December 16, 2014 / 9:12 AM / 5 years ago

Fitch Sovereign Outlook: EM Ratings Face Pressures as Developed Markets' Ratings Stabilise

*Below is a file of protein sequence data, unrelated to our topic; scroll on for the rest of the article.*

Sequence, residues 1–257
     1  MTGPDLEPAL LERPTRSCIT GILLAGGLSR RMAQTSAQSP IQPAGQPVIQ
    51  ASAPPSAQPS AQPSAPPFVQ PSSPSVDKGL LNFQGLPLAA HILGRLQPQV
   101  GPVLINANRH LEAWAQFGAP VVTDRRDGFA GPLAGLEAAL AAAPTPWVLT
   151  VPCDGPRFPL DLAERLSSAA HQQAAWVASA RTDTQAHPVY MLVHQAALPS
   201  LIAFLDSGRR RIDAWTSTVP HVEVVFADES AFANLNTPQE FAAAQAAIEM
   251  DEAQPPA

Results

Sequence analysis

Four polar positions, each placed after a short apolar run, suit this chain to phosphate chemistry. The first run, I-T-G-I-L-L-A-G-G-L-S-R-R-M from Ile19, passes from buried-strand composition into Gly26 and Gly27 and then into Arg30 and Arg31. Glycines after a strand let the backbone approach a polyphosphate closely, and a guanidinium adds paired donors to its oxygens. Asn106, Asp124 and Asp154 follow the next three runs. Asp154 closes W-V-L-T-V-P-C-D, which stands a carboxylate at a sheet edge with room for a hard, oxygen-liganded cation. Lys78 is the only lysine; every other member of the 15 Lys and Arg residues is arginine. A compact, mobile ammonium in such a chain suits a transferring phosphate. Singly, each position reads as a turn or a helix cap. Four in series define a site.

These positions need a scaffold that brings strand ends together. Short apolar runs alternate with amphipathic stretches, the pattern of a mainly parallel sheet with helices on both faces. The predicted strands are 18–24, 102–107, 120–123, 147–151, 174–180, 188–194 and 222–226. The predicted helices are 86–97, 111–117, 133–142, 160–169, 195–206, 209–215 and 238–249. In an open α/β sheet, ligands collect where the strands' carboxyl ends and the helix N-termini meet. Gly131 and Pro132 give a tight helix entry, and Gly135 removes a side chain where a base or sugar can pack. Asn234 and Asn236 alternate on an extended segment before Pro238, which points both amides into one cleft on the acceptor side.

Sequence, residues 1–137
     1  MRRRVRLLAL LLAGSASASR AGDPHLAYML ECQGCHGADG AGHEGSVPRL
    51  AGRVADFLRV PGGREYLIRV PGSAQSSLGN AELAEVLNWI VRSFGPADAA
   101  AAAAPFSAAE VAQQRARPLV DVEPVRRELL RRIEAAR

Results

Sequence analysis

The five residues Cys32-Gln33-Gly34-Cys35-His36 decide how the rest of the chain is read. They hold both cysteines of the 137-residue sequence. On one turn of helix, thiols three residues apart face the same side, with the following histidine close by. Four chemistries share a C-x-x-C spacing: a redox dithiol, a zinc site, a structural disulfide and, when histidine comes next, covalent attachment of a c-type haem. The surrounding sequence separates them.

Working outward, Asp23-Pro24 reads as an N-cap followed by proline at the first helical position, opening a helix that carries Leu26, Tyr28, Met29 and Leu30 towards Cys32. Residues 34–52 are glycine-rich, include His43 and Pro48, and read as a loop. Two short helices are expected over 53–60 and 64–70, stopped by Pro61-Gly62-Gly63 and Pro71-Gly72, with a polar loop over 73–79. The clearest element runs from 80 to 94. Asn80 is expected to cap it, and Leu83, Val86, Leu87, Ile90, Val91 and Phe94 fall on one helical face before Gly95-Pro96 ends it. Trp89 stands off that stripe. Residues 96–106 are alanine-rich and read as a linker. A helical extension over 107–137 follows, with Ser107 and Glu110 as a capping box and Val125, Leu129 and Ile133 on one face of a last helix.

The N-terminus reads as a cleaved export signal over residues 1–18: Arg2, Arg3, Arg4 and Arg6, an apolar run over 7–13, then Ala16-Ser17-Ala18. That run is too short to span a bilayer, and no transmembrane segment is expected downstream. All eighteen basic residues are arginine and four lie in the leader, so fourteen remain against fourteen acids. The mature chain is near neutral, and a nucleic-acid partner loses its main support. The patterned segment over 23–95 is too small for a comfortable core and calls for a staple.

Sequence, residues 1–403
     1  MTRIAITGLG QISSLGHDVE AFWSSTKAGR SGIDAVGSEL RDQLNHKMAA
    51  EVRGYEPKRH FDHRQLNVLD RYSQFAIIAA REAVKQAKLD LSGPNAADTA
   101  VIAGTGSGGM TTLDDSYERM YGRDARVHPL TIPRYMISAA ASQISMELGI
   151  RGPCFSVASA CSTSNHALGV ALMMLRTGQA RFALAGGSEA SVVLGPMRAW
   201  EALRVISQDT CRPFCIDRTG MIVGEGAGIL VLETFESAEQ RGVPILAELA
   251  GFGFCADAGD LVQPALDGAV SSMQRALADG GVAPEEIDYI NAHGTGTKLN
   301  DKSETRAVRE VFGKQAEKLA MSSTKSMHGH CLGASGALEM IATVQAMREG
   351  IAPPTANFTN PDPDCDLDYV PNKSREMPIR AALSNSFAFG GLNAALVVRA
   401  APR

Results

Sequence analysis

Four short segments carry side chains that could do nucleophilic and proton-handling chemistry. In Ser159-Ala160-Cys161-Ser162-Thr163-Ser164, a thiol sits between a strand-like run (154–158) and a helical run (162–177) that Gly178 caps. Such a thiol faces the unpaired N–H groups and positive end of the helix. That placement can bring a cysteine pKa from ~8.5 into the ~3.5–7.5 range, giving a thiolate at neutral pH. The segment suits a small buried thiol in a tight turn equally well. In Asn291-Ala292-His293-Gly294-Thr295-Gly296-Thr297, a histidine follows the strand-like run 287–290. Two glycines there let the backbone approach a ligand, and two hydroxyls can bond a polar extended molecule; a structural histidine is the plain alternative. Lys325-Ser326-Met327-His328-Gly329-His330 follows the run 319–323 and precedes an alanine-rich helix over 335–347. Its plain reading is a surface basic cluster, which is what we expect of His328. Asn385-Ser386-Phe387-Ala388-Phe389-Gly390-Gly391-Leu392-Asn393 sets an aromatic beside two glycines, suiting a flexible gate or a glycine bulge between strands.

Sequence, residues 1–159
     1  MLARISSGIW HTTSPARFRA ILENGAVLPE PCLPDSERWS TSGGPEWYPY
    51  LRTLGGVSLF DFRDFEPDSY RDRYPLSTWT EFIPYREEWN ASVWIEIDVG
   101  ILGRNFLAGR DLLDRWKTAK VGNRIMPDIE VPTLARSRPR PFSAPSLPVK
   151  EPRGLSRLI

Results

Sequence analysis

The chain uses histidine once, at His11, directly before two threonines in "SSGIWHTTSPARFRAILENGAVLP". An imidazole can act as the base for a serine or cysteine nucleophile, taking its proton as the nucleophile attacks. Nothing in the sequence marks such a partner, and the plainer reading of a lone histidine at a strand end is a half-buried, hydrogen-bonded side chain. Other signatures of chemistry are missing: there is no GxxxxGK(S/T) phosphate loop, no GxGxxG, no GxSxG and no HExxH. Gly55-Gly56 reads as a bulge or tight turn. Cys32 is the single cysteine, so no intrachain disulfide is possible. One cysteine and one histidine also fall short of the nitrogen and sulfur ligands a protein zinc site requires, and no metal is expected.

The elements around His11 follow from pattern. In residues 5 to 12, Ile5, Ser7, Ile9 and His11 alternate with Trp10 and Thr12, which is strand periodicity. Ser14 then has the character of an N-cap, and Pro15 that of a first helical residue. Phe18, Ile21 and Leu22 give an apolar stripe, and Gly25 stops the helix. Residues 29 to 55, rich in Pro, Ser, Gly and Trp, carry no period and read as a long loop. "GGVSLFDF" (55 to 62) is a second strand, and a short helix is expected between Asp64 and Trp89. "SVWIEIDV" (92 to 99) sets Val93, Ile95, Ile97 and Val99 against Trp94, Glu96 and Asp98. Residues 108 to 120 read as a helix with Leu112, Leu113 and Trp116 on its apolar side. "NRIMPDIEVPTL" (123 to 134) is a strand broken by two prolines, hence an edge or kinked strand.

(The following statement was released by the rating agency) Link to Fitch Ratings' Report: 2015 Outlook: Sovereigns here NEW YORK/LONDON, December 16 (Fitch) The outlook for sovereign creditworthiness in 2015 is broadly stable, notwithstanding the myriad challenges facing the global economy, says Fitch Ratings in its 2015 Outlook: Sovereigns report, published today. Positive and Negative Outlooks on global sovereign ratings are more evenly balanced than they were at end-2013, when there were twice as many Negative as Positive Outlooks. Negative Outlooks are now concentrated in emerging markets, and partly reflect the risks posed by lower oil prices and the prospect of higher US interest rates. Outlooks in the eurozone are largely Stable, although risks remain. Global growth will pick up some pace in 2015, but Fitch's view on the economic outlook has weakened since September, and risks remain skewed to the downside. The uptick in growth will be driven by a buoyant US economy. The eurozone will eke out improved but still weak growth in 2015. Japan will also grow slightly faster. Emerging markets growth will be little changed from 2014. Among the bigger economies, we expect China to slow, Russia to enter recession and Brazil to post a sluggish recovery. The balance of Outlooks in the eurozone points to a mild improvement in credit quality. Crisis-hit eurozone countries have started to recover and rebalance. However, slow nominal GDP growth and fiscal budget deficits will make it hard to reduce public debt/GDP, posing risks to ratings. Fitch's base case is that a sovereign bond QE programme is looking increasingly likely absent an unexpected pick-up in growth and inflation in early 2015.. Elections in 2015 pose risks to the policy direction in Spain, Portugal and Greece. Emerging markets, especially those dependent on commodities exports, will have a harder time improving fundamentals sufficiently to justify upgrades, and some ratings could be at risk of downgrades. In view of the steep fall in oil prices since mid-2014, lower-rated emerging-market oil exporters such as Venezuela, Nigeria and Bahrain are particularly exposed. More highly rated oil exporters have buffers and can afford countercyclical policy. Conversely, lower oil prices will benefit consumption in developed markets, hold down headline inflation, and ease external pressures in large energy importers such as Turkey and India. There are other exceptions in emerging markets, where reform has boosted growth or lowered vulnerability to crises. The US economy is recovering, adding to global demand but bringing closer the first rise in interest rates and leading to a strengthening dollar. With inflation below target, Fitch expects a gradual tightening starting in mid-2015, with the target Fed Funds rate reaching 2% by end-2016. A quicker or steeper pace of tightening would affect those emerging markets that depend most heavily on portfolio capital to finance current account deficits and those where the government or private sector are prolific external borrowers. China is entering a period of structural adjustment after years of investment-fuelled growth. This will manifest itself in slower real GDP growth in both China and its trading partners, including exporters of non-oil commodities in emerging markets. The resolution of the economy's debt problem will be crucial in determining the path for the ratings. A sufficiently large migration of debt onto the sovereign balance sheet from the broader economy could trigger a move. In the majority of cases, Fitch sees rises in government debt, or an inability to put public debt on a sustainable path, as the biggest risks to ratings. Idiosyncratic factors dominate in the case of countries such as Russia and Ukraine. The full report ' 2015 Outlook: Sovereigns' is available at www.fitchratings.com or by clicking the link above. Contact: Charles Seville Director +1 212 908 0277 Fitch Ratings, Inc. 33 Whitehall Street New York NY 10004 Douglas Renwick Senior Director +44 20 3530 1045 Andrew Colquhoun Senior Director +852 2263 9938 Paul Rawkins Senior Director +44 20 3530 1046 Richard Fox Senior Director +44 20 3530 1444 Shelly Shetty Senior Director +1 212 908 0324 Media Relations: Athos Larkou, London, Tel: +44 203 530 1549, Email: athos.larkou@fitchratings.com; Rebecca O'Neill, London, Tel: +44 203 530 1697, Email: Rebecca.ONeill@fitchratings.com. Additional information is available on www.fitchratings.com. ALL FITCH CREDIT RATINGS ARE SUBJECT TO CERTAIN LIMITATIONS AND DISCLAIMERS. PLEASE READ THESE LIMITATIONS AND DISCLAIMERS BY FOLLOWING THIS LINK: here. IN ADDITION, RATING DEFINITIONS AND THE TERMS OF USE OF SUCH RATINGS ARE AVAILABLE ON THE AGENCY'S PUBLIC WEBSITE 'WWW.FITCHRATINGS.COM'. PUBLISHED RATINGS, CRITERIA AND METHODOLOGIES ARE AVAILABLE FROM THIS SITE AT ALL TIMES. FITCH'S CODE OF CONDUCT, CONFIDENTIALITY, CONFLICTS OF INTEREST, AFFILIATE FIREWALL, COMPLIANCE AND OTHER RELEVANT POLICIES AND PROCEDURES ARE ALSO AVAILABLE FROM THE 'CODE OF CONDUCT' SECTION OF THIS SITE. FITCH MAY HAVE PROVIDED ANOTHER PERMISSIBLE SERVICE TO THE RATED ENTITY OR ITS RELATED THIRD PARTIES. DETAILS OF THIS SERVICE FOR RATINGS FOR WHICH THE LEAD ANALYST IS BASED IN AN EU-REGISTERED ENTITY CAN BE FOUND ON THE ENTITY SUMMARY PAGE FOR THIS ISSUER ON THE FITCH WEBSITE.

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